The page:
As the United States slowly inches toward ending its ill-fated War on Drugs, first decriminalizing marijuana, we have begun to see the first attempts to build legitimate businesses around pot. With the legalization of marijuana in Colorado and Washington, the growth of medical marijuana in several states (including California), and the diffuse relaxation of penalties for pot-related crimes, many have recognized the enormous potential market for legal weed, especially if current trends continue. But a truly legitimate, sustainable industry is still years away. While a number of companies have recently staked their claims to the marijuana industry, nearly all of them are small-cap, high-risk junk investments.
Despite its legalization in Colorado and Washington, and for medical use elsewhere, marijuana is still a Schedule I drug under the Controlled Substances Act, and is therefore technically illegal throughout the United States (at a federal level). But the U.S. Department of Justice has declined to challenge the state legalization laws, and announced last year that it will refrain from aggressively enforcing federal laws in these states, with the understanding that said states will strictly regulate the production, distribution, and possession of marijuana. Yet these laws are still on the books, and can be enforced at the discretion of the DOJ and other federal agencies. This uncertainty has made any potential investment extremely risky, and has kept experienced investors, and companies, out of the industry (read how to minimize risk and maximize returns here).
Without capital from experienced investors and established companies entering the market, nearly all weed-based businesses involved in the marijuana industry are very small companies that trade as penny stocks: they generally have small market capitalization, are not listed on national exchanges, trade at fractions of a dollar (or even of a penny), and are highly volatile and illiquid. The combination of these factors makes penny stocks extremely risky investments. Many inexperienced investors are fooled by the low price and high volatility, and see penny stocks as an opportunity to get rich quickly by turning a small investment into a pile of cash. Such investors are often seen as easy prey for frauds and schemes such as “pump-and-dump,” in which the price is inflated and then sold by manipulators, leaving unsophisticated investors holding shares worth nothing (learn how to avoid investment scams here).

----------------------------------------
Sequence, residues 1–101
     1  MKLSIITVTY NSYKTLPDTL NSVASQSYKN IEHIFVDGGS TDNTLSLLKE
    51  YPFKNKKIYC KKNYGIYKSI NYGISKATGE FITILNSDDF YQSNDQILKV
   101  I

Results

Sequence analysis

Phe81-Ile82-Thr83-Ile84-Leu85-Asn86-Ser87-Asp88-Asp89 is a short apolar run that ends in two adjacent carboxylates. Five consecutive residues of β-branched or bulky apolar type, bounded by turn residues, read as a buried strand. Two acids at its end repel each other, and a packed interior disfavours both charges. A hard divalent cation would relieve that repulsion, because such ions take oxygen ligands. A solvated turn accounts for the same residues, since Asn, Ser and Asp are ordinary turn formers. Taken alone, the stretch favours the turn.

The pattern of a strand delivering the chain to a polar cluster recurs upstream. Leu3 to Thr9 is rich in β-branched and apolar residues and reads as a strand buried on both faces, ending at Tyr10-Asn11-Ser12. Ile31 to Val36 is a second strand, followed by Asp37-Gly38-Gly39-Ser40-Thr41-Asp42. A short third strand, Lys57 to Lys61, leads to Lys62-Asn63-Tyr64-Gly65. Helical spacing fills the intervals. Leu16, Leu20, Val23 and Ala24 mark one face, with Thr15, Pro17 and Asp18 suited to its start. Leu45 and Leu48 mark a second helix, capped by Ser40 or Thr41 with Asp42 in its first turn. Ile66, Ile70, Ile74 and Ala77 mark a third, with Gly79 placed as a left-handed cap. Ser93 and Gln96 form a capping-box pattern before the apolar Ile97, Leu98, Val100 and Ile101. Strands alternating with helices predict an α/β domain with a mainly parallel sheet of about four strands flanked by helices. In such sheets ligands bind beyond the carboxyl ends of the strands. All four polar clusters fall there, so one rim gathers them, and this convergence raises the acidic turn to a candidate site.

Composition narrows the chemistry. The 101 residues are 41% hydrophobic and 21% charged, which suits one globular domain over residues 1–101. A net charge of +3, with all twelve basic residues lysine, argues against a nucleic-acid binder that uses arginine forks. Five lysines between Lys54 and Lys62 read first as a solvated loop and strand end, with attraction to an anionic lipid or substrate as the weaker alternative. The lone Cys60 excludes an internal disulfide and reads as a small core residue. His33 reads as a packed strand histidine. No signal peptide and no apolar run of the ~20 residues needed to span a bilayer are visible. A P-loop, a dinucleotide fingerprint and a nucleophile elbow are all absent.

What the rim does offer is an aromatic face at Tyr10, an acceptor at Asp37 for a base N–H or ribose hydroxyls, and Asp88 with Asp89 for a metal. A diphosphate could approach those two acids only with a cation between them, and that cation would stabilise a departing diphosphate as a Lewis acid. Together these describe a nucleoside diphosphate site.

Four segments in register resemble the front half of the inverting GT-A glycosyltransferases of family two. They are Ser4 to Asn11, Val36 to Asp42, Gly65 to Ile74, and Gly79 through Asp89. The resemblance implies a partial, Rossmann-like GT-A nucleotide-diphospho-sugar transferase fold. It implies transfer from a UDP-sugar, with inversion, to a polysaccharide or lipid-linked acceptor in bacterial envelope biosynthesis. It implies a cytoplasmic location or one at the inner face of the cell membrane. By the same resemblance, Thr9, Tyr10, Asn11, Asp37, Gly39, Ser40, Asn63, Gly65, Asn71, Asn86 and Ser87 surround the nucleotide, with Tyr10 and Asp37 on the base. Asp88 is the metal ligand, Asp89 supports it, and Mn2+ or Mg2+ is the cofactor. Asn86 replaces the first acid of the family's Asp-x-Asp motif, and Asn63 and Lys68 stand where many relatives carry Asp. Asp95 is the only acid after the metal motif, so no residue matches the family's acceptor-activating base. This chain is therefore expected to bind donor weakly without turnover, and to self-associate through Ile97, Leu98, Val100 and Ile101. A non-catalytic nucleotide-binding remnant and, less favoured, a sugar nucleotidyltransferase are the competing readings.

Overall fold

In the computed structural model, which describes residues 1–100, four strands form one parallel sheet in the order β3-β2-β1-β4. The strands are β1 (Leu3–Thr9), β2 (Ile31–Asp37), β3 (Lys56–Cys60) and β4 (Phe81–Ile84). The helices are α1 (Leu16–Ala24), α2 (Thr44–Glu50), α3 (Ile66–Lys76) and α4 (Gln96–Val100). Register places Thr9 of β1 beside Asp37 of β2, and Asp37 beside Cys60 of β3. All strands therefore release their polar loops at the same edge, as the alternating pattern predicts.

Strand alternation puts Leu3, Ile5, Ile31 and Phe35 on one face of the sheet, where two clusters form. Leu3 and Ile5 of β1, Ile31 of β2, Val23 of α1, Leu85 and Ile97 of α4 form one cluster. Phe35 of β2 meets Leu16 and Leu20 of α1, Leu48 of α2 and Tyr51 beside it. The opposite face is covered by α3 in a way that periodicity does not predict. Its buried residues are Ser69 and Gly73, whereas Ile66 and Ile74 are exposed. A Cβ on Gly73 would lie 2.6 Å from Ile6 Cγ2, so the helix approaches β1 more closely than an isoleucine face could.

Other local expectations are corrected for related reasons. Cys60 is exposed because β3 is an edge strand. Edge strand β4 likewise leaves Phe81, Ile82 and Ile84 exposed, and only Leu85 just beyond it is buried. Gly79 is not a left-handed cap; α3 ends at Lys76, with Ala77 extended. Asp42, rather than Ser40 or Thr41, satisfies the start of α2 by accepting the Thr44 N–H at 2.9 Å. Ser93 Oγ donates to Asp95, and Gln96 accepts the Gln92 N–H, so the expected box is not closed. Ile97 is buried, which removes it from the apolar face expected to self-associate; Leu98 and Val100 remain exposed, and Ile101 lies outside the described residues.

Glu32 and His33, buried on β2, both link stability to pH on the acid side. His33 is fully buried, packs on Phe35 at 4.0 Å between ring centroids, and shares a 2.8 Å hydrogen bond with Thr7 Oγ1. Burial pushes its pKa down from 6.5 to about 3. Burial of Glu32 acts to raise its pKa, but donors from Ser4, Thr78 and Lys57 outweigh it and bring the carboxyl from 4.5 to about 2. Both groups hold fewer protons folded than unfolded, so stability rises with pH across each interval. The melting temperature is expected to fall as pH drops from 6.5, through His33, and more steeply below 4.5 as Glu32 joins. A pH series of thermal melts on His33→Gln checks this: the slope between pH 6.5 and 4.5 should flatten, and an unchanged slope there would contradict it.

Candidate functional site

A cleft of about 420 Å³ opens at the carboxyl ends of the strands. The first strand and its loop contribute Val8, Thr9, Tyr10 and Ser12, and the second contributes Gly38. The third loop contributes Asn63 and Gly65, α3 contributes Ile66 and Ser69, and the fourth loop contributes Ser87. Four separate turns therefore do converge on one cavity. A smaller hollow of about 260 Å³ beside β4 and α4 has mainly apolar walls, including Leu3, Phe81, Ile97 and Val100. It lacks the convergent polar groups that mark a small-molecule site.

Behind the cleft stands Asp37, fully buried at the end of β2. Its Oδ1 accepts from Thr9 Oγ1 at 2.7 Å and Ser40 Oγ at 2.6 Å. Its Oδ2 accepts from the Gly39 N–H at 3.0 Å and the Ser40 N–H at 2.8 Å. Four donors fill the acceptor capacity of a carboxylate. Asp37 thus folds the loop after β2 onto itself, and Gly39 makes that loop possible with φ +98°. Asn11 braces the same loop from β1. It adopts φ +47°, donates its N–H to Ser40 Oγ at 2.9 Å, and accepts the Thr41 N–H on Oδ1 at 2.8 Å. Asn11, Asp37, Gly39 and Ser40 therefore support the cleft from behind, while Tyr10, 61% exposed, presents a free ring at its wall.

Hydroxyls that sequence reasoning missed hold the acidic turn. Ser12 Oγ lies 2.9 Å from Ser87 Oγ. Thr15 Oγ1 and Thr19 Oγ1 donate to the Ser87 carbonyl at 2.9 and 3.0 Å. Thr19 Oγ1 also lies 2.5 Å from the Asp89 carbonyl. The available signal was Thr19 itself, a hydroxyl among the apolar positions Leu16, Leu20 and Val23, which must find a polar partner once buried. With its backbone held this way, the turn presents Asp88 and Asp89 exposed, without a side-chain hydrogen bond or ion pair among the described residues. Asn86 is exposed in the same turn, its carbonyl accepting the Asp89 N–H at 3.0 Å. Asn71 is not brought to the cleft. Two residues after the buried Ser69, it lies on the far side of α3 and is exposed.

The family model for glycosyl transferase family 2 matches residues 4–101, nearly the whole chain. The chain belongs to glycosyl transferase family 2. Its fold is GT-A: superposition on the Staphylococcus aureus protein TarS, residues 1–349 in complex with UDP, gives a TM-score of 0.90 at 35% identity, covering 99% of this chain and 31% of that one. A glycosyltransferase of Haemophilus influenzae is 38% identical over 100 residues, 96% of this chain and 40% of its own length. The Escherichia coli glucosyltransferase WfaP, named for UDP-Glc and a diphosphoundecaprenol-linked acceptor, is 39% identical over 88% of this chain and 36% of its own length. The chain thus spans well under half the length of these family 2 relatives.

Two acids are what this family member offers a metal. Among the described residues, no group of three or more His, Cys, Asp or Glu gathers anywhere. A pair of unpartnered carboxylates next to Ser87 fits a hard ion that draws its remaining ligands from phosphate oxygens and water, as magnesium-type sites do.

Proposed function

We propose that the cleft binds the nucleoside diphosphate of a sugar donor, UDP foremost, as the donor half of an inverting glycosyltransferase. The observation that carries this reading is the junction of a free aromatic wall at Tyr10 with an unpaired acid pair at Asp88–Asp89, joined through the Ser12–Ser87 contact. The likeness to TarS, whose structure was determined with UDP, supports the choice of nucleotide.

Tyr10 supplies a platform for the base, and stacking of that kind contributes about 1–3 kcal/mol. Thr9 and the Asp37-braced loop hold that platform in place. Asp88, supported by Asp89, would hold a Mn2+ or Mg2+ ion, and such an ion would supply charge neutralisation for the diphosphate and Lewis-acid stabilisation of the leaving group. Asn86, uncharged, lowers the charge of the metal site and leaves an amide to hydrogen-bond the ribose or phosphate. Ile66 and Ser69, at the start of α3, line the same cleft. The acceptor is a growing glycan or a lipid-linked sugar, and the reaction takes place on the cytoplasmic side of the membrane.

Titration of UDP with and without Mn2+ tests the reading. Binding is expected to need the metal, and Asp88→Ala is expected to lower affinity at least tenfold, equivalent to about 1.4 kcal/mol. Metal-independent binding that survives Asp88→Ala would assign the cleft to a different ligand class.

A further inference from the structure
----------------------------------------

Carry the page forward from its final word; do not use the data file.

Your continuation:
Add to this the novelty interest of investing in marijuana, and there exists the potential for a large number of inexperienced investors to lose large sums of money; and many already have. The roller coaster of marijuana penny stocks—made all the more crazed by recent SEC intervention — has already caused its share of losses. True, some investors have seen huge profits — but because these stocks aren’t listed on national exchanges, and have such low market capitalization, it is extremely difficult to sell large amounts without distorting the price (or the ask/bid ratio), meaning that these returns exist only on paper.
Putting money in penny stocks isn’t investing, it’s gambling. And it isn’t even the fun kind of gambling where you drink and smoke the night away playing poker or blackjack. No, it’s the sad, stale kind, where you put all your savings on thirty-one black, or buy an endless stream of scratch-off lotto cards, because no one ever explained statistics to you. No matter what the latest investment fad is, serious investors should avoid penny stocks and focus on real investments (see what our CEO has to say about smart investing here).